Some players might be disappointed to hear that the next Dungeons & Dragons 5E sourcebook focuses on providing behind-the-scenes options over an exciting new setting, but Tasha’s Cauldron of Everything represents a step in the right direction for D&D - one where players are given the option to create characters free from the problematic and restrictive rules of the past.
Tasha’s Cauldron of Everything is a sourcebook in the same vein as Xanathar’s Guide to Everything, released in 2017 as a supplement that offered both players and dungeon masters rules for subclasses, spells and items. As with the upcoming sourcebook, Xanathar’s Guide to Everything provided players with new options to create character backstories and content focused on racial traits.
However, the racial trait content in Xanathar’s Guide Everything came across as perfunctory additions, because they were simply elements such as new feats and randomised backstory tables - nothing that actually changed what was fundamentally flawed about the race system in D&D. The difference with how Tasha’s Cauldron of Everything appears to approach the new rules around racial traits is that players will now have the opportunity to create characters entirely devoid of them.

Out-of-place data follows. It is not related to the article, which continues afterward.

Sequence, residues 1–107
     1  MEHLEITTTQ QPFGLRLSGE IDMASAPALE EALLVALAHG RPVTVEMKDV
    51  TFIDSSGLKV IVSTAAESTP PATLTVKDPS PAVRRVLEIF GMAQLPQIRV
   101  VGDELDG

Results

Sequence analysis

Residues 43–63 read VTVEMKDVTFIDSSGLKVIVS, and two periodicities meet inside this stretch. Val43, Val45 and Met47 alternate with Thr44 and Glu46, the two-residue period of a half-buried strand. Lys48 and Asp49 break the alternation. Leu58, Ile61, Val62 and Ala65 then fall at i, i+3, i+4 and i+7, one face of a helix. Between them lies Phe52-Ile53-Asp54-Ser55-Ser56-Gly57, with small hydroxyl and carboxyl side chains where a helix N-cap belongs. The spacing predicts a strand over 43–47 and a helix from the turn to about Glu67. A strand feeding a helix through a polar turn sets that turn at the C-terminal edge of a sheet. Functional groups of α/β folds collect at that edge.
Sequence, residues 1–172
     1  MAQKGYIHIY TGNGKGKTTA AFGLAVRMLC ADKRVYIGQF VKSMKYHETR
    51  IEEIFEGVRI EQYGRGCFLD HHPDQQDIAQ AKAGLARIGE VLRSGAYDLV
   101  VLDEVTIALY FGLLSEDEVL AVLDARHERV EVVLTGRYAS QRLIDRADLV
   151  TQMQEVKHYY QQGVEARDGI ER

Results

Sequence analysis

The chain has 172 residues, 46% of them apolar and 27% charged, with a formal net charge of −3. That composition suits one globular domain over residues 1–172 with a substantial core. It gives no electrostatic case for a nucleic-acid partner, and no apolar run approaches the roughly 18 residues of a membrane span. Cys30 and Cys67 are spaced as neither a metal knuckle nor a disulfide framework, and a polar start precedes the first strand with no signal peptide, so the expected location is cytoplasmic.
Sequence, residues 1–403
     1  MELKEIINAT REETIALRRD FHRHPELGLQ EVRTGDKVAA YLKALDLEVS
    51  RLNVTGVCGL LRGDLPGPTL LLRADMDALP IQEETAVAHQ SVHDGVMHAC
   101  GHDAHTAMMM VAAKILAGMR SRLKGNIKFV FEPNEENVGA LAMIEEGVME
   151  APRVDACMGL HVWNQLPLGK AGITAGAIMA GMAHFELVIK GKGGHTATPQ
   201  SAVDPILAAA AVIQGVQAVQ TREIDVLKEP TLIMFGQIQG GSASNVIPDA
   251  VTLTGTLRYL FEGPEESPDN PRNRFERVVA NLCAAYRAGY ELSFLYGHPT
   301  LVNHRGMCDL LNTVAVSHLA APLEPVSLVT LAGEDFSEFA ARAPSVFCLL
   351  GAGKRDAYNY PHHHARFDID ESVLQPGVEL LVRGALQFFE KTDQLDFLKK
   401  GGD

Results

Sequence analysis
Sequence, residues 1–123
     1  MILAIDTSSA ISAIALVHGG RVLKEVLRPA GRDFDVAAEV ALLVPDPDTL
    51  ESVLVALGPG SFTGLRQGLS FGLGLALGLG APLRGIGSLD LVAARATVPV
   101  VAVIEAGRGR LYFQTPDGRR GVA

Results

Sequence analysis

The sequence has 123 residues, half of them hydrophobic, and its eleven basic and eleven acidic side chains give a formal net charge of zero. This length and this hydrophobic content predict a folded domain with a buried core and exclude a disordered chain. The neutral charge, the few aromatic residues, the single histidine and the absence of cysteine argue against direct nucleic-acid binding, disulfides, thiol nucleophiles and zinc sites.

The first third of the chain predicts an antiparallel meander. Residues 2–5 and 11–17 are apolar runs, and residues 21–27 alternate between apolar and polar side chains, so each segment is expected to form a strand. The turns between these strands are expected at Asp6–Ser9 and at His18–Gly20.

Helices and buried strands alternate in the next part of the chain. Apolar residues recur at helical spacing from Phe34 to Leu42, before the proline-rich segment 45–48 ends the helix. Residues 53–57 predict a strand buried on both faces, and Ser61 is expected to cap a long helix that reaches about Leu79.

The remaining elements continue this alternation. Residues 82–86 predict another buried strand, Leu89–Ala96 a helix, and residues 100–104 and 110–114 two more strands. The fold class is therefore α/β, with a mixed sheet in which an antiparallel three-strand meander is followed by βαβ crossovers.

There will be a chapter in the sourcebook that will enable players to either alter the traits of their chosen character race - by changing any bonuses granted to ability scores, for example - or create a character with traits unrelated to their race. Dungeons & Dragons’ principal rules designer Jeremy Crawford said during the press event for Cauldron of Everything that the inclusion of these new character creation rules was driven by publisher Wizards of the Coast’s current initiative to address the problematic elements of the RPG.
Crawford also confirmed to Dicebreaker that the racial trait options will also be made available in other locations apart from Tasha’s Cauldron of Everything - suggesting that players won't necessarily need to purchase the book in order to access them.
"It’s important to us that these new options for customising your character’s origin be made accessible to as many Dungeons & Dragons fans as possible," Crawford said. "For that reason, they will appear in multiple locations, including the Tasha’s Cauldron of Everything book and our Adventurers League organised play program.”